Washington: Global warming is leading to such severe storms, droughts and heat waves that nations should prepare for an unprecedented onslaught of deadly and costly weather disasters, an international panel of climate scientists says in a report issued on Wednesday.
The greatest danger from extreme weather is in highly populated, poor regions of the world, the report warns, but no corner of the globe — from Mumbai to Miami — is immune.
The document by a Nobel Prize-winning panel of climate scientists forecasts stronger tropical cyclones and more frequent heat waves, deluges and droughts.
The 594-page report blames the scale of recent and future disasters on a combination of man-made climate change, population shifts and poverty.
In the past, the Intergovernmental Panel on Climate Change, founded in 1988 by the United Nations, has focused on the slow inexorable rise of temperatures and oceans as part of global warming.
This report by the panel is the first to look at the less common but far more noticeable extreme weather changes, which recently have been costing on average about $80 billion (Dh293.8 billion) a year in damage.
"We mostly experience weather and climate through the extreme," said one of the report's top editors, Chris Field, an ecologist with the Carnegie Institution of Washington.
"That's where we have the losses. That's where we have the insurance payments. That's where things have the potential to fall apart."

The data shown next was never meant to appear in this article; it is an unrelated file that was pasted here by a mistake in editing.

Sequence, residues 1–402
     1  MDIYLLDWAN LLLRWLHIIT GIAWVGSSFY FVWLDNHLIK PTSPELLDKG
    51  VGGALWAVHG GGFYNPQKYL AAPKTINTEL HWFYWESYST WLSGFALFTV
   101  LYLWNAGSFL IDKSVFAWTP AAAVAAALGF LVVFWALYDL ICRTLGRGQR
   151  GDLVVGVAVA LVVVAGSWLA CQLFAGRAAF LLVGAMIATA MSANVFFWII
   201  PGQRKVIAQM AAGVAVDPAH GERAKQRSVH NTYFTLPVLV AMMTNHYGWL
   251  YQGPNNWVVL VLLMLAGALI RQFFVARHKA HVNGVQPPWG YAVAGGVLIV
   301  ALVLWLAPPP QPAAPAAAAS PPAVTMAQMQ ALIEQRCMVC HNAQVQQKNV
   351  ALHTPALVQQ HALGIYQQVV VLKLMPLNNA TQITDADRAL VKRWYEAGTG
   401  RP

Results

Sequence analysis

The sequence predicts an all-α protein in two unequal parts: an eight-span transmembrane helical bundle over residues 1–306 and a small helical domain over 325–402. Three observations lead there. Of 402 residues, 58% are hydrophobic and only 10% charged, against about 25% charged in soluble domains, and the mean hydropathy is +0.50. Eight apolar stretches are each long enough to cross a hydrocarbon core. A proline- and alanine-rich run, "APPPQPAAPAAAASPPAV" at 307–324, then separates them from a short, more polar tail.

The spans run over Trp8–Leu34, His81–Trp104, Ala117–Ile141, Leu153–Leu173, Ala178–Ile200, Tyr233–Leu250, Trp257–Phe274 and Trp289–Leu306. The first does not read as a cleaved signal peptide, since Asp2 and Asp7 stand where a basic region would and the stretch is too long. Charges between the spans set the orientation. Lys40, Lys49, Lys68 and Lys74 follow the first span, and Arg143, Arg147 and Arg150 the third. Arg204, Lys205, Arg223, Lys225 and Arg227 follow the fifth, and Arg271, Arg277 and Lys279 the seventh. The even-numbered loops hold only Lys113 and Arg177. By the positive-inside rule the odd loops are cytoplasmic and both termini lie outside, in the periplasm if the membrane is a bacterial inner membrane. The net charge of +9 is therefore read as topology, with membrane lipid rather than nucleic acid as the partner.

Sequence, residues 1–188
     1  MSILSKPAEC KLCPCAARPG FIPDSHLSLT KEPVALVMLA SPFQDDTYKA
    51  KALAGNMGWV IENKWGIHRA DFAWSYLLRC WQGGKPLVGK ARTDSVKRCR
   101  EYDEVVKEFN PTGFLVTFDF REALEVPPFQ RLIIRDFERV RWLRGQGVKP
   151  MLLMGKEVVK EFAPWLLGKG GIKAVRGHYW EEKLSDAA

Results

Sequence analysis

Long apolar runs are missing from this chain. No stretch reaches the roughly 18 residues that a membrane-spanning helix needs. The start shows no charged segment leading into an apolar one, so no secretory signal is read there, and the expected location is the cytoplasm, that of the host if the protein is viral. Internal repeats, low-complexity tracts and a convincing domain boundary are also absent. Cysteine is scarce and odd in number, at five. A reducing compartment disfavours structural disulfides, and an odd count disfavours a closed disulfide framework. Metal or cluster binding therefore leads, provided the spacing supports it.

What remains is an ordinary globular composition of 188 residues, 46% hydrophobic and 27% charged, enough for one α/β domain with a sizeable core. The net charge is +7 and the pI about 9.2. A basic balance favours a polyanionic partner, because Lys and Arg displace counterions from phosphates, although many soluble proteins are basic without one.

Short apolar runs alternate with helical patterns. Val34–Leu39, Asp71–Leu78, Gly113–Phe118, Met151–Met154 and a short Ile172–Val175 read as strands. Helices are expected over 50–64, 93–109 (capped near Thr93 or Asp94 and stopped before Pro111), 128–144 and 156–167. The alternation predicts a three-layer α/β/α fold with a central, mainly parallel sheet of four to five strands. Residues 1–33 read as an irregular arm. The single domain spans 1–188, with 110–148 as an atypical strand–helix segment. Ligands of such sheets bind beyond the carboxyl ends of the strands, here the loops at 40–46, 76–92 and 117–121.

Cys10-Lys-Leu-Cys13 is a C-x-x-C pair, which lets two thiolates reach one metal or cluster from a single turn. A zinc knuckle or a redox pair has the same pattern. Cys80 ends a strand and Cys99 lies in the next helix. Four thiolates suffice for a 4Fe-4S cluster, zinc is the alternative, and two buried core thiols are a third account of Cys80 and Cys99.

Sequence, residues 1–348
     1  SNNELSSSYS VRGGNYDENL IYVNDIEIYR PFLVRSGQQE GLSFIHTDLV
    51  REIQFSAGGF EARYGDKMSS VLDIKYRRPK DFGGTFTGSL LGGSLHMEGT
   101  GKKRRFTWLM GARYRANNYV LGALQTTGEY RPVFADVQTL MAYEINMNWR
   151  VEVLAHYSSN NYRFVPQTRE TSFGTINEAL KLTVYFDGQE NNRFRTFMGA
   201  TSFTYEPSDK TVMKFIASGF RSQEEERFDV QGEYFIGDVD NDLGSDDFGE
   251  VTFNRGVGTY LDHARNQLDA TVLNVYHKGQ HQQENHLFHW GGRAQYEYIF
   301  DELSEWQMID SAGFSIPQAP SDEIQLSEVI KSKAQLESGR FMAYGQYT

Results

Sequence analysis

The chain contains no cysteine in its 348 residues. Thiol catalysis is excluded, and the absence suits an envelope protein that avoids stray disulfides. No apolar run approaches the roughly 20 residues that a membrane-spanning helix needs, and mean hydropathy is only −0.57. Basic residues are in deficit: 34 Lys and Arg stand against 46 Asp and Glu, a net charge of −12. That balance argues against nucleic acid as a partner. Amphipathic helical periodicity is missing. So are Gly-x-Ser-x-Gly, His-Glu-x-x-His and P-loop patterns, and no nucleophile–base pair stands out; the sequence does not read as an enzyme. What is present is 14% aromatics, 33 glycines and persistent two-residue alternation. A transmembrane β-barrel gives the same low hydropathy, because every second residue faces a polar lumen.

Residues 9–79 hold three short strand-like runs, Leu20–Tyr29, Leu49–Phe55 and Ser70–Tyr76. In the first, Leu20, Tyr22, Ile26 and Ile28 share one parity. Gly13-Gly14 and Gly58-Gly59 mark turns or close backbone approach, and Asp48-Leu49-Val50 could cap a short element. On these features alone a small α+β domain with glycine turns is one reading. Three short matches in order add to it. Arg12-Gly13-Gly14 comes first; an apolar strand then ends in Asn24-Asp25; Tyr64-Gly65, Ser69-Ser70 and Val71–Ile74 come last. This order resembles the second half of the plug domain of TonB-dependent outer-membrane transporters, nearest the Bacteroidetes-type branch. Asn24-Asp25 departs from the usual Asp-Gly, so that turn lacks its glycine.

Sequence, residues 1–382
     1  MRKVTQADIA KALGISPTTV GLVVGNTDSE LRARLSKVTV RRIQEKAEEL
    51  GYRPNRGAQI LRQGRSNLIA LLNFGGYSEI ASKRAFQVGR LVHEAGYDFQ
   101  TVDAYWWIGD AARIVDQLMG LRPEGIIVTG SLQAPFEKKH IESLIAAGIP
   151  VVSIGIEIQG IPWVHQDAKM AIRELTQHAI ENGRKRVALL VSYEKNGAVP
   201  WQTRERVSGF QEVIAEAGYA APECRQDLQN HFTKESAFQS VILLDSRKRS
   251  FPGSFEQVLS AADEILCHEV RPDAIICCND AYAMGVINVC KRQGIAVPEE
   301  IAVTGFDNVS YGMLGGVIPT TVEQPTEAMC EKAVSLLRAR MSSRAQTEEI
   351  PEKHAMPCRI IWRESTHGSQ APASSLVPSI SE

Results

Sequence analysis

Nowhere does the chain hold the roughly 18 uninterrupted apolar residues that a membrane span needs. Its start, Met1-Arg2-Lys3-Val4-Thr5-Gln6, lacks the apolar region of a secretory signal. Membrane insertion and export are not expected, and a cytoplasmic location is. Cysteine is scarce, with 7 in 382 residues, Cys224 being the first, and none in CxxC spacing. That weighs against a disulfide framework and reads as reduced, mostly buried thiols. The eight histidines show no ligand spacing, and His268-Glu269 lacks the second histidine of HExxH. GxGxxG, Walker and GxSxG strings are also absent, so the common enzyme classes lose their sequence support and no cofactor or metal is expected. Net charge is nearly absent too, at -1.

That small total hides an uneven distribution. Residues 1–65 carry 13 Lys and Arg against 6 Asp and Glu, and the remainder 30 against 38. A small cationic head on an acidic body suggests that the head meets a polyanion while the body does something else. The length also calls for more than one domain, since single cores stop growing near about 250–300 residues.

The report specifically points to New Orleans during 2005's Hurricane Katrina, noting that "developed countries also suffer severe disasters because of social vulnerability and inadequate disaster protection."
"There are lots of places that are already marginal for one reason or another," Field said. But it's not just poor areas: "There is disaster risk almost everywhere."
The scientists say that some places, particularly parts of Mumbai in India, could become uninhabitable from floods, storms and rising seas. In 2005, over 24 hours nearly 1,000 millimetres of rain fell on the city, killing more than 1,000 people and causing massive damage. Roughly 2.7 million people live in areas at risk of flooding.
Other cities at lesser risk include Miami, Shanghai, Bangkok, China's Guangzhou, Vietnam's Ho Chi Minh City, Myanmar's Yangon and India's Kolkata.
The people of small island nations, such as the Maldives, may also need to abandon their homes because of rising seas and fierce storms. "The decision about whether or not to move is achingly difficult and I think it's one that the world community will have to face with increasing frequency in the future," Field said
However, extremes aren't always deadly. Sometimes, they are just strange. Study co-author David Easterling of the National Climatic Data Centre says this month's heat wave, while not deadly, fits the pattern of worsening extremes.
The United States has set nearly 6,800 high temperature records in March. Last year, the United States set a record for billion-dollar weather disasters, though many were tornadoes, which can't be linked to global warming.
"When you start putting all these events together, the insurance claims, it's just amazing," Easterling said. "It's pretty hard to deny the fact that there's got to be some climate signal."
Northeastern University engineering and environment professor Auroop Ganguly, who didn't take part in writing the IPCC report, praised it and said the extreme weather it highlights "is one of the major and important types of what we would call ‘global weirding'."
It's a phrase that some experts have been starting to use more to describe climate extremes.